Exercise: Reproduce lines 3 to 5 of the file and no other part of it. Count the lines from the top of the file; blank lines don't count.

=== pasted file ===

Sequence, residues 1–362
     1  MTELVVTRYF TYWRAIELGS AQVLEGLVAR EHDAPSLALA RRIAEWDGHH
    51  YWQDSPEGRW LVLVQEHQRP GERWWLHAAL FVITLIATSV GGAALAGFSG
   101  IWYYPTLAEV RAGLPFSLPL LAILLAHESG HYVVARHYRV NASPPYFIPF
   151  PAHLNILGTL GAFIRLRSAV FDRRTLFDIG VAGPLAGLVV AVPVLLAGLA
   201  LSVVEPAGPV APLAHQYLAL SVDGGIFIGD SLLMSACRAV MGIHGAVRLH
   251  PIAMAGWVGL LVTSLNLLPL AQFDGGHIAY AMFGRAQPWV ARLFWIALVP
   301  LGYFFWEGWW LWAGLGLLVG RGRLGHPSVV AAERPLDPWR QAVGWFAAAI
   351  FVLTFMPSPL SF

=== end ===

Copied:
    51  YWQDSPEGRW LVLVQEHQRP GERWWLHAAL FVITLIATSV GGAALAGFSG
   101  IWYYPTLAEV RAGLPFSLPL LAILLAHESG HYVVARHYRV NASPPYFIPF
   151  PAHLNILGTL GAFIRLRSAV FDRRTLFDIG VAGPLAGLVV AVPVLLAGLA